It is an endeavour that would instil a debilitating panic in most theatre directors. Whether it be applied to an amateur or a professional, the wise or the inexperienced, there is even a rule, according to some, that openly discourages it. Those who break this rule are either brave, crazy or in possession of a talent that is as rare as it is generous. For the rest of the theatre folk, that unwritten rule is clear: only ever immerse yourself in one production at a time.
Director Jay Wood can be safely cast in considerably braver category of local theatre figures. Wood is presently directing the irreverent and abridged, Complete Works of William Shakespeare as well as the soon to debut Constellations at Newcastle Theatre Company in Lambton,
Yes, Wood is breaking the rules and inviting his audiences to bear witness to it. Given the breadth of his commitments to these shows, it was wrong to assume that a recent conversation with Wood would be over in a matter of minutes. Expansive and ever inspired, Wood can speak about his current projects for as long as anybody will listen. His composure under pressure invokes a philosophy that Shakespeare himself once noted in As You Like It: time, supposed the Bard, can travel at different speeds for different people.
The same might be also said for different audiences. In the closing scene of Complete Works last Saturday evening, Wood directed his three actors - in an ascension of acrobatic madness disguised as an encore - to perform an abbreviated Hamlet backwards.
It is an episode penned in defiance of the theatrically sacrosanct, in which the world’s most famous soliloquy, written by the king of English literature, is reduced to a regurgitated sound bite of gibberish.
Wood’s direction has carefully and thoughtfully examined the emotional complexities of modern womanhood.
Backpedalling at a breakneck speed through the drowning of Hamlet’s tortured love interest Ophelia, actor Claire Thomas gargles and then spits a mouthful of water across the stage.
“It’s quite bizarre,” Wood admits. “But if you perform the play backwards, our memory of Hamlet doesn’t really work unless the words are accompanied by these physical moments.”
What does work is Wood’s commitment to breaking another unwritten rule of theatre. Upending the traditional expectation that the Complete Works be performed by men, Wood’s decision to cast three females pays off for their audiences splendidly.
Beth Aubrey, Jo Cooper and Claire Thomas navigate the madcappery with an enviable wit and comedic timing.
“Even when performed traditionally, the rhythms and intonations of Shakespeare are difficult enough. So what these three actors achieve in this play is just amazing”, Wood says.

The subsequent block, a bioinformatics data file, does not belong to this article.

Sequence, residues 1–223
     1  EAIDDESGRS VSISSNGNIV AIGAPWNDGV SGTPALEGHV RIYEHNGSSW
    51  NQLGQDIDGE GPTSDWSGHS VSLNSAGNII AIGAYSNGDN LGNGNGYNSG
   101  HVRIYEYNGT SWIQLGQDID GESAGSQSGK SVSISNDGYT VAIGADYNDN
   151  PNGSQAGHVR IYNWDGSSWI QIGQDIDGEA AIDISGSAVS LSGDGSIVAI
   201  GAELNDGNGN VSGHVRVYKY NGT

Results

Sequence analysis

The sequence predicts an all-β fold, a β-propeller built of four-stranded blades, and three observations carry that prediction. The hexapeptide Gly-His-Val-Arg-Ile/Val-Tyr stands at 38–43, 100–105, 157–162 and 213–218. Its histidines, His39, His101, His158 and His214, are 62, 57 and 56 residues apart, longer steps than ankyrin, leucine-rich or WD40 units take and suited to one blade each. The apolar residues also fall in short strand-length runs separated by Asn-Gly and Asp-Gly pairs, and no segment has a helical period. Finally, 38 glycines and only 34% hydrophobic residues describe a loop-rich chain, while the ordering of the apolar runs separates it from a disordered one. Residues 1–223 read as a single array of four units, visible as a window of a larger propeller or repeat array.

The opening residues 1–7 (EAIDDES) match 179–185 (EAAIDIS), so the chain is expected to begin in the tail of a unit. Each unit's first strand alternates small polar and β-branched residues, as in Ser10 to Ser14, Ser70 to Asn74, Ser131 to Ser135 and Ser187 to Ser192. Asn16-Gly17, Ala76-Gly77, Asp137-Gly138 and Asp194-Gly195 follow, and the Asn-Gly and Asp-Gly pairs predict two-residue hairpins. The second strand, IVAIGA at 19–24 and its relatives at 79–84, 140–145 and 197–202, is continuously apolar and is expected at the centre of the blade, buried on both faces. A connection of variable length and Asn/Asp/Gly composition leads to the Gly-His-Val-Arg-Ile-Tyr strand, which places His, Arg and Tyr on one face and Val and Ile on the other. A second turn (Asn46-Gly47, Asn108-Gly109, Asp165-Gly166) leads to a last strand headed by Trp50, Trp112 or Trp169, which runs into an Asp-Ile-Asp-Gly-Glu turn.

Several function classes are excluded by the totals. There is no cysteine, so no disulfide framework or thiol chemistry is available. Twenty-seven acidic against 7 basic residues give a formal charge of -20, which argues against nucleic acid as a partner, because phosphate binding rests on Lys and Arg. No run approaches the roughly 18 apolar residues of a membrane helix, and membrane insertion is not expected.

Their performances contribute to the director’s growing reputation for exacting professional standards of performance from the relatively narrow ranks of amateur female actors in Newcastle. From an imperious Claire Williams in Doubt (2015), to a pushy older sister by Elise Bialek in Proof (2016) and a wistfully bewildered Samantha Lambert as Sara in Knock & Run Theatre’s Grace (2017), Wood’s direction has thoughtfully examined the emotional complexities of modern womanhood.
Grace, Proof and Doubt may have all been written by men, but each of them are exceptional in their portrayals of tenacious and intelligent women, uncomfortably caught between duelling loyalties. In each instance it was a discomfort captured vividly on the stage, by actors who came to trust Wood and the wisdom in his direction implicitly.
Starring alongside Bialek in Proof was another Newcastle actor, Emily Daly, who has collaborated with Wood to great acclaim. After Wood wrote his first play Queen of Mars in 2016, Daly was among his most obvious casting choices. Daly and actor Tim O’Donnell will be directed by Wood in Constellations, a play produced by Wood’s theatre company Seated Ovation, running September 13-15.
Tracing an imaginary, but somehow imperishable thread between Marianne and Roland, a couple whose destiny is itself portrayed as a kind of mathematical abstract, Constellations is a work that promises far more questions than resolutions.
“I see the play as taking the form of a dream”, Wood says. “If somehow we could see our every choice played out before us and the places that those choices could take us, then this is a play that imagines that reality. The idea that every one of these choices creates a path and that following a path could make all the difference is a spiritual one. I want to capture the thrill of that.”